1. Regarding its defense based on the duty of good faith and fair dealing, LDF relied on Farmer's affidavit. In it, Farmer averred that LDF had needed to borrow a particular sum of money to be able to purchase and develop the land; Community Bank had led him to believe that it would loan him that amount; he was told on the day of closing that the loan would be for a smaller amount than he had requested (enough money to purchase the property, but not enough to develop it); he proceeded with closing so that he would not lose earnest money he had paid to purchase the property; LDF defaulted on the payments due to its inability to develop and sell the subdivision lots as intended; the lender assured Farmer that it would continue to “work with” LDF; and the lender subsequently refused to extend the forbearance agreement beyond its termination date, rejected a short sale of the property, and foreclosed on the property.
Indeed, “every contract imposes upon each party a duty of good faith and fair dealing in its performance and enforcement.”7 “But the covenant of good faith and fair dealing cannot be breached apart from the contract provisions it modifies and therefore cannot provide an independent basis for liability.”8 Here, as explained below, there was no independent basis for Charterbank to be held liable.
A promissory note is an unconditional contract whereby the maker engages that he will pay the instrument according to its tenor. It is well established that a promissory note may not be modified by the imposition of conditions not apparent on its face. The note being an unconditional promise, the contract is complete as written. Parol evidence may not be used to impose conditions which are not apparent from the face of the note. An oral agreement between the parties, made contemporaneously with the execution of the note or prior thereto relating to a condition not expressed in the note is incompetent to change the contract as represented on the face of the note.9
LDF unconditionally contracted with Charterbank's assignor to pay the note and guaranty according to the documents' terms, and Charterbank established a prima facie case for enforcement of the note and guaranty.10 LDF could not modify the note and guaranty by imposing conditions not apparent on the faces of the agreements.11
Parol evidence is inadmissible to add to, take from, or vary a written contract. In the absence of fraud, accident or mistake an unconditional promissory note cannot be changed into a conditional obligation by parol evidence. Where the terms of the contract are clear and unambiguous, the court will look to the contract alone to find the intention of the parties.12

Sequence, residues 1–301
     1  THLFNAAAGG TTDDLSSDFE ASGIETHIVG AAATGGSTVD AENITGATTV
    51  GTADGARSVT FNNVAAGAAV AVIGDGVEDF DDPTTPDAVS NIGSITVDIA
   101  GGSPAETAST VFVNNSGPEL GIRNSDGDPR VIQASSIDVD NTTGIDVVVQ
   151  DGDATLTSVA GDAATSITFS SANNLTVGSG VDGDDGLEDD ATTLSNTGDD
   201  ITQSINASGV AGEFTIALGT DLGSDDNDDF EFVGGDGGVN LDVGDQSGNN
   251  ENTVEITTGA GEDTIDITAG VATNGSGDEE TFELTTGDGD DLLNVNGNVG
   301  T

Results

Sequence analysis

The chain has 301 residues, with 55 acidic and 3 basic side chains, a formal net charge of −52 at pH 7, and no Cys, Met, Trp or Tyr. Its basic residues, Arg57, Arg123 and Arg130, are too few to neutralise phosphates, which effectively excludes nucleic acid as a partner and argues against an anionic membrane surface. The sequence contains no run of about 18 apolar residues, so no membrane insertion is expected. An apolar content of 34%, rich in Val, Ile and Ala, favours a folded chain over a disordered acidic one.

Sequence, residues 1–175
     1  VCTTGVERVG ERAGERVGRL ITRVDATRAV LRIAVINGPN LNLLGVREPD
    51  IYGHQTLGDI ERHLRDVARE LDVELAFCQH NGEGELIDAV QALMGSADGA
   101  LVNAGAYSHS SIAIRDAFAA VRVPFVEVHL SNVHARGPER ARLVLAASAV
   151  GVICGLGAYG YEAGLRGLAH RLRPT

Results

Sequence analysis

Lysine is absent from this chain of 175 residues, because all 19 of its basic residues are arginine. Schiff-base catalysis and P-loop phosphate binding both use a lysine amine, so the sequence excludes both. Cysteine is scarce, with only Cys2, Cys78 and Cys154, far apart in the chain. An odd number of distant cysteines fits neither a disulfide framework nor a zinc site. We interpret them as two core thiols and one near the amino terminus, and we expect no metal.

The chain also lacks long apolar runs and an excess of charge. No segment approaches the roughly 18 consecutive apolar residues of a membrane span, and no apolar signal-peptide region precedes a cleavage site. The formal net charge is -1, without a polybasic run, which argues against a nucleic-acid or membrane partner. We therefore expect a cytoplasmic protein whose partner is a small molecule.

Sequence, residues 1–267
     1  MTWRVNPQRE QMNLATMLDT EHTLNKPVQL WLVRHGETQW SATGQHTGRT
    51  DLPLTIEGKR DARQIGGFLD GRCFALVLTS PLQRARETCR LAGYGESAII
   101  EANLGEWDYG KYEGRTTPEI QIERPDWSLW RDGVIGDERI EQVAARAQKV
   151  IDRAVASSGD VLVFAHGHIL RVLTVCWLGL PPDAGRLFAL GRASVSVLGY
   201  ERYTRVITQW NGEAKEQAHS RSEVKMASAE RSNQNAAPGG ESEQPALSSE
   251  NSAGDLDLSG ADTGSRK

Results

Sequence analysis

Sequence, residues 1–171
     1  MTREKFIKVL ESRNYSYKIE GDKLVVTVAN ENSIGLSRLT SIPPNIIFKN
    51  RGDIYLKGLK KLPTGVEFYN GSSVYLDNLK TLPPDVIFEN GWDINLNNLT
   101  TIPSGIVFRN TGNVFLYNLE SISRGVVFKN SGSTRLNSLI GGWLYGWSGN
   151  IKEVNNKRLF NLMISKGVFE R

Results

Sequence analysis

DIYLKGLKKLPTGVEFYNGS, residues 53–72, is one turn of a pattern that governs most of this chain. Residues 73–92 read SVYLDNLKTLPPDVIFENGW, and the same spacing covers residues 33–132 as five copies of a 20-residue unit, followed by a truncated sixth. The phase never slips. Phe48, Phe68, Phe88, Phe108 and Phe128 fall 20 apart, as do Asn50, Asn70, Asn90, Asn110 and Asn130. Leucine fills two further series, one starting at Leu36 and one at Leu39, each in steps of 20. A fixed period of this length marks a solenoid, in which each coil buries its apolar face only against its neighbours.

Although LDF maintained that it expected or was promised the loan in a larger amount, it is undisputed that the amount of the loan was known at closing and that LDF closed anyway. And, LDF renewed the loan thereafter. “[T]he renewal of a note cuts off all defenses of which the maker then had knowledge.”13
LDF did not claim that the terms of the contracts were ambiguous, did not introduce evidence of fraud, accident or mistake, and nothing in the contracts required the lender to “work with” LDF before enforcing its collection rights under the note and guaranty.14 In fact, in the forbearance agreement, LDF acknowledged that Charterbank had “the right to exercise any and all remedies available to Lender under the terms of the Loan Agreement[ ],” and that, in consideration of the forbearance, LDF had “no legal defenses to its obligations under the Loan Agreement[ ].” The purported oral representations were inconsistent with the terms of the written contracts, which required any modifications to be in writing.15 There being no genuine issue of material fact regarding Charterbank's breach of a specific covenant, Charterbank was entitled to summary judgment.16
2. In its opposition to the summary judgment motion, LDF cited Farmer's affidavit to support its defense that the parties had mutually departed from the terms of the note (thus, LDF posited, Charterbank was precluded from enforcing the contracts without notifying LDF of its intent to return to the original terms of the contracts). Farmer averred that after LDF “fell behind” on its loan payments, an officer for Charterbank approached LDF about a forbearance agreement and stated that if LDF continued to market and maintain the property, posted a maintenance bond, and platted the plots, Charterbank would “work with” LDF on the loan, and would be willing to renew the forbearance agreement when it expired if LDF had not found a buyer for the property by that time; therefore, in good faith, LDF maintained and marketed the property as Charterbank had requested.